People will remain centre stage
"The main lesson I take away from this congress is that people are centre stage. It is vital for us scientists to understand where the biggest, seemingly evident, challenges in society lie. However, at the same time, we should understand which of these challenges and problems we can tackle, in light of our current skill sets and our country's comparative advantages. Of course, would should collaborate with partners abroad and not try to fit into niches already occupied by a lot of scientists," says Bažbauers, summing up what he heard and saw at the conference. He is also open to the possibility of a shift in paradigms, "Maybe, it is already under way. Prior to now, we have considered the whole process in a way, where everything starts with research and development, followed by innovations, which are followed by economic growth. And, naturally, economic growth is accompanied by an improvement in the quality of life. But one could also adopt an alternative point of view. In other words, we have research, development and innovation, which resolve global and public environmental problems. This, in turn, improves the quality of life, which then results in economic growth," explains Bažbauers.
In regard to the quality of life, the next World Congress of Latvian Scientists will definitely focus on climate changes, as well as various challenges in the health sector. "To quote a colleague, there is one health – human, animal and environmental health," says Ķivīte-Urtāne.
Then, of course, with the next congress in mind, everyone acknowledges that there are also plenty of unknowns. It is possible that new discoveries could emerge. For example, Gatis Bažbauers mentions the idea of frequency transmission via a wireless network, which is already being researched for medical use. But this could be considered in the context of AI, because potentially it could also generate and transmit these thought frequency signals to the human brain. "There are going to be a lot of ethical issues regarding development. The safety aspect is not about to go away either," adds Bažbauers.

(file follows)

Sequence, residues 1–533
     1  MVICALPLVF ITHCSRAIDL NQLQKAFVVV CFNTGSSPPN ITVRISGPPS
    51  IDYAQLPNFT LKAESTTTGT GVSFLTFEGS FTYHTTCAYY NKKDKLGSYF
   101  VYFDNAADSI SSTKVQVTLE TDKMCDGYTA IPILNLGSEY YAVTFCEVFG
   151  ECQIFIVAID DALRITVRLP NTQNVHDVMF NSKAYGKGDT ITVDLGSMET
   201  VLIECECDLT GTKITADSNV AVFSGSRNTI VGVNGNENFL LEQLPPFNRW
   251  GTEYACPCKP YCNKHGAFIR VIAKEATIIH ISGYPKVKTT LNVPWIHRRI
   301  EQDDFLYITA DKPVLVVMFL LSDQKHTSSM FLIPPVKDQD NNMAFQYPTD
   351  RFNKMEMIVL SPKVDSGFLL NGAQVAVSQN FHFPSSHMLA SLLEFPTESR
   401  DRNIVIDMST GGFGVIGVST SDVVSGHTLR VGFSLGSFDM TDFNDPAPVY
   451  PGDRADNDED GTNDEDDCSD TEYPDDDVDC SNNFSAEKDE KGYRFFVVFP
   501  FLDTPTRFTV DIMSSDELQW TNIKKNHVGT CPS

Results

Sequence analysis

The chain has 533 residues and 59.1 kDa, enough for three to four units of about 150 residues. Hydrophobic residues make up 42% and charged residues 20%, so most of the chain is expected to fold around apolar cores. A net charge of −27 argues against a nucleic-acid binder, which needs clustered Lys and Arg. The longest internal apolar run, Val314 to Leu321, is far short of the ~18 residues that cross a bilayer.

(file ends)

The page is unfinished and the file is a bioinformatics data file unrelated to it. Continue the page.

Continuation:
Even more extensive digitalization
In the context of ever expanding digitalization, ethics and security is always relevant. This is was he realm represented by Jānis Grabis at this year's congress. It is crystal clear that digitalization is going to continue expanding, "We discussed what a smart Latvia should look like. In our opinion, one of the cornerstones is the availability of information and the ability to process this information so people can improve their lives. The accessibility aspect denotes having access to the right artificial intelligence and digital democracy tools, along with various other options. Accessibility is feasible provided that it is accompanied by education, because a person must understand how to use these digital technologies and how they work. How can this be achieved? Of course, it's a challenge," stresses Grabis. He goes on to point out that we already live in a world where numerous things are more accessible in the virtual environment than they are in the physical environment. And it is automation and digitalization that make this possible. "We already know that we already have access to a lot of resources in the digital environment, but we are starting to miss their physical manifestation. For example, you no longer need to stand in long queues to gain admission to a restaurant. And this could be even more discernible in the future - we are going to have an abundance of digital resources offset by a shortage of physical resources," forecasts Grabis.
Regardless of the challenges, scientists must think about the next generation who will build on what they started, as well as the delegates who will be attending the congress years from now. According to Ķivīte-Urtāne, it is up to the scientists themselves to assume responsibility for this, "Young scientists have been inspired by educators, so it is vital that scientists to communicate with students. Especially at primary school age, because that is the moment when kids decide to become scientists. It is also vital to communicate with politicians and society as a whole. And as in all forms of communication, it is up to the speaker to make sure that the listener hears what he has to say. In other words, the ball is in the scientists' court, so they must hone their communication skills."